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Stage Fright

June 3, 2008
Takes And Double Takes

Dealing with Stage Fright

 

June 3, 2008
Takes And Double Takes
Dealing with Stage Fright

I have just recently co-created and co-directed a new theatre troupe with Jonathan Mirin.  It is called Sign of the Times Theatre Troupe.  The troupe is made up of seven student actors who can hear and seven who have little or no hearing.  Working with this mixed group has been a wonderful challenge and joy.  At the core is learning to communicate, to “find your voice”, physically, or “fizzically” as my partner, Peter Gould, and I put it.  We all understand body language to a degree and so it’s all about giving it a go, trying to make ourselves understood.

This is the first experience on stage for several of the actors in Sign of the Times, and, as is to be expected, some did experience stage fright.  Here is what I tell my youth actors about this phenomenon, one that most actors, even seasoned professionals. experience at one time or another.

“Remember, kids, every audience member comes wanting to have a good time. They WANT you to succeed.  Fear of Failure is in OUR OWN HEADS, NOT in theirs.  We make up that dark room of fear; we imagine it as if it is real (which it is not) and then we enter into it.  Your job as actors is to TELL THE AUDIENCE A STORY and to have lots of fun in telling and acting it.  If you HAVE FUN, your audience WILL HAVE FUN, I GUARANTEE IT!  That is why they have come to see and listen to you.  All you have to do is go on stage and do what you have been practicing all along, nothing new, nothing unusual, and all WILL BE WELL, that is THE LAW!!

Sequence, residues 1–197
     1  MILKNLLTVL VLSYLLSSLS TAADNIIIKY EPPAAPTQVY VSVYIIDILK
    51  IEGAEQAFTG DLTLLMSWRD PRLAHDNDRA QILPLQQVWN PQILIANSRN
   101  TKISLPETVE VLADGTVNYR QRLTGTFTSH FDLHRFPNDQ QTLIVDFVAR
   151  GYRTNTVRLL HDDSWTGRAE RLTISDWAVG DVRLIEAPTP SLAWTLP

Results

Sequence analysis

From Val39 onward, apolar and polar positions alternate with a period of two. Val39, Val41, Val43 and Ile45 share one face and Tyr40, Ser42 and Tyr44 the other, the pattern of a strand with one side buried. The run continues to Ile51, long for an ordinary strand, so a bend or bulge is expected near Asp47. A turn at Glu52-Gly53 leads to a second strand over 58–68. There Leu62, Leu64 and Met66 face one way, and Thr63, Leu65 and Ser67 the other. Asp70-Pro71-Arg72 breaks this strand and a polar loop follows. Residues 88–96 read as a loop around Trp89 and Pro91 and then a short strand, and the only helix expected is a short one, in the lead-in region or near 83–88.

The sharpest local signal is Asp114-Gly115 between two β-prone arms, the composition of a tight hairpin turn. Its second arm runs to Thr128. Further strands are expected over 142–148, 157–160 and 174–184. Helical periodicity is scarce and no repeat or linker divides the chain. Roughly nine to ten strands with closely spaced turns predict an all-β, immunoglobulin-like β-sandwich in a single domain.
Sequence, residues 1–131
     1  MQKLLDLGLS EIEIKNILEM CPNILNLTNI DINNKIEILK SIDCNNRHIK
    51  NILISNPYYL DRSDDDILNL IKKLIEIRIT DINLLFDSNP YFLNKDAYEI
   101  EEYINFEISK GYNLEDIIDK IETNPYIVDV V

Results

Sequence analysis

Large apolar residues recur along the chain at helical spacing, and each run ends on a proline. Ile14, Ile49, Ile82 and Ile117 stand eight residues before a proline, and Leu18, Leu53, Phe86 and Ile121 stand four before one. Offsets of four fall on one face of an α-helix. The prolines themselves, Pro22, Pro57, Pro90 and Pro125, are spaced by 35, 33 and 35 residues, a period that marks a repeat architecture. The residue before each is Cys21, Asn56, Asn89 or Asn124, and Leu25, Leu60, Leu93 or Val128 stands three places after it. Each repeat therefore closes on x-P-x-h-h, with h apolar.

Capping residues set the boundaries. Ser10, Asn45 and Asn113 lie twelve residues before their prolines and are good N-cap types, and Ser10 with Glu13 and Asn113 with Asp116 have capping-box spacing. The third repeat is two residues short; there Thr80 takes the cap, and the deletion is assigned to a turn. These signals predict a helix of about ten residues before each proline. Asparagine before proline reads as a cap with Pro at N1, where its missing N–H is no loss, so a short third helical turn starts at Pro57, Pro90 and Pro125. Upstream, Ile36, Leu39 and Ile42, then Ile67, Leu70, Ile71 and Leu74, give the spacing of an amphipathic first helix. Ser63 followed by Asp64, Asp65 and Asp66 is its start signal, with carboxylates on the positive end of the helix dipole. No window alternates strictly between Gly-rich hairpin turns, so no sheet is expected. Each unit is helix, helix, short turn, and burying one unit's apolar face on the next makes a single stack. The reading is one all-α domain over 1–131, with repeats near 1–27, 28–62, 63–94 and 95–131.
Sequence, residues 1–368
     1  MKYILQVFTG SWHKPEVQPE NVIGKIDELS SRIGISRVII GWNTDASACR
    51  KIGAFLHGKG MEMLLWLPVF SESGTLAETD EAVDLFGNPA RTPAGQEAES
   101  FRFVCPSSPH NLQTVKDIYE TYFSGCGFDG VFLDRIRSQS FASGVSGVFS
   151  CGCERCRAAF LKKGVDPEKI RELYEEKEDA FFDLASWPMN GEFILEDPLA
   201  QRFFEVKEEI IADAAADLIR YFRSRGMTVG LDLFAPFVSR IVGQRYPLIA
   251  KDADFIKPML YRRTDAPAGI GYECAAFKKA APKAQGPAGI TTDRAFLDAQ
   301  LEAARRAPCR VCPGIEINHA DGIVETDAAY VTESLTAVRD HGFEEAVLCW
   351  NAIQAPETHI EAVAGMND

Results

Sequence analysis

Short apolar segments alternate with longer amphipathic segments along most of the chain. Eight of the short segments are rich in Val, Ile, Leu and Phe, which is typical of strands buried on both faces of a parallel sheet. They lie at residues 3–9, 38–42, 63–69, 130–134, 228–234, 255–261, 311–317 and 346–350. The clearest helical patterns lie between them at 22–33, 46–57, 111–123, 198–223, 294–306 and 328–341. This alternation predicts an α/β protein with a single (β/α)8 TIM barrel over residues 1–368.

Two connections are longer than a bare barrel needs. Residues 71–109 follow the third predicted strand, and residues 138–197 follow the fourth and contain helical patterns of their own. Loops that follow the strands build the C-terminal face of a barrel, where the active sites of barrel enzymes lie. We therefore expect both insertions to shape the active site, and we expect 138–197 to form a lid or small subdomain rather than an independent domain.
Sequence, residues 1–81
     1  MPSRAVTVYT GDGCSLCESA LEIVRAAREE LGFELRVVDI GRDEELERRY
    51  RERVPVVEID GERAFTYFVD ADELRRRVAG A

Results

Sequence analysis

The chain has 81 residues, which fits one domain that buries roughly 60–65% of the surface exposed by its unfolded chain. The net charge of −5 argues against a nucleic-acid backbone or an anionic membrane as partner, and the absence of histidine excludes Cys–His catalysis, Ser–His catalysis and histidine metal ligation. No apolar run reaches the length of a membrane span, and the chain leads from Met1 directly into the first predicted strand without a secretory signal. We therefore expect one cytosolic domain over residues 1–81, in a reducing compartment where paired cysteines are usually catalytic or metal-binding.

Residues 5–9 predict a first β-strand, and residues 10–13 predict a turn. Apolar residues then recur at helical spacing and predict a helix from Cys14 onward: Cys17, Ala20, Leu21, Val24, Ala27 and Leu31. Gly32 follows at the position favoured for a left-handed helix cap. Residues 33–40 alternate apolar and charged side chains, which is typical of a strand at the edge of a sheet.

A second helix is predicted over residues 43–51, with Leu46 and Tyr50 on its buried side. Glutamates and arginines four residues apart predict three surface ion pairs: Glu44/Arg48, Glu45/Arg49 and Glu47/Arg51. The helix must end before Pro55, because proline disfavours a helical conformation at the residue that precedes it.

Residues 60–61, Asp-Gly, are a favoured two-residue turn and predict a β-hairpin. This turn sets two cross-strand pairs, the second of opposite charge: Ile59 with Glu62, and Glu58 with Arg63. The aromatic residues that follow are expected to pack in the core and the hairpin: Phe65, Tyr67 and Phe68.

Fear has NO PLACE or PURPOSE IN OUR LIVES, nor does NEGATIVE THINKING!  Give fear and negative thinking the boot.  BANISH THEM FROM YOUR HEAD, 24-7!  Instead, think about possibilities and opportunities.  They are everywhere when you open your eyes to them.  Think CONSTRUCTIVELY and TAKE ACTION, ACTION, ACTION.  All will be well.

When I began my career 35 years ago, I was so scared and tense that I used to literally soak, ringing wet, two shirts during my mime show.  I got terrible back spasms too!  Then a wise man told me to change my attitude.  He said, “before you go onto the stage, imagine everyone in the audience smiling at you, loving you, applauding you.  Then imagine that your arms are one hundred feet long and that you can surround the entire audience with them and bring them all close to you, at your feet, on a little rug.  Imagine all of them as four-year-old children.  They are all smiling at you.  You are going to tell them a story.  They are excited to hear it and you are excited to tell it.  Then see what happens.”

I did just that and, lo and behold, as I did that more and more, it became a self-fulfilling prophecy.  I imagined my audiences loving me and being little children and, very soon, everyone watching me began to smile and laugh and I began to relax more and more and the fear I used to have evaporated like wet snow on a warm Spring day.  Try it.  It will work for you too.

Enjoy your acting and always remember to keep on dancing!
Uncle Stevie

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